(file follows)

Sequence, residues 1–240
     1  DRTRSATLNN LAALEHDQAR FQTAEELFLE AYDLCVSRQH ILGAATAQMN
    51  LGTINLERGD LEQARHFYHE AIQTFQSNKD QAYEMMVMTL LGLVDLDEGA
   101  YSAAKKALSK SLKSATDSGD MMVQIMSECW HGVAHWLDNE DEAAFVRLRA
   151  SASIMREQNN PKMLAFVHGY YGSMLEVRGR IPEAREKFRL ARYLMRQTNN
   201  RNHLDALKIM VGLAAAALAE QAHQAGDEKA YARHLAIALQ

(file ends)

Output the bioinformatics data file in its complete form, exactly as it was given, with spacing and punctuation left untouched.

Sequence, residues 1–240
     1  DRTRSATLNN LAALEHDQAR FQTAEELFLE AYDLCVSRQH ILGAATAQMN
    51  LGTINLERGD LEQARHFYHE AIQTFQSNKD QAYEMMVMTL LGLVDLDEGA
   101  YSAAKKALSK SLKSATDSGD MMVQIMSECW HGVAHWLDNE DEAAFVRLRA
   151  SASIMREQNN PKMLAFVHGY YGSMLEVRGR IPEAREKFRL ARYLMRQTNN
   201  RNHLDALKIM VGLAAAALAE QAHQAGDEKA YARHLAIALQ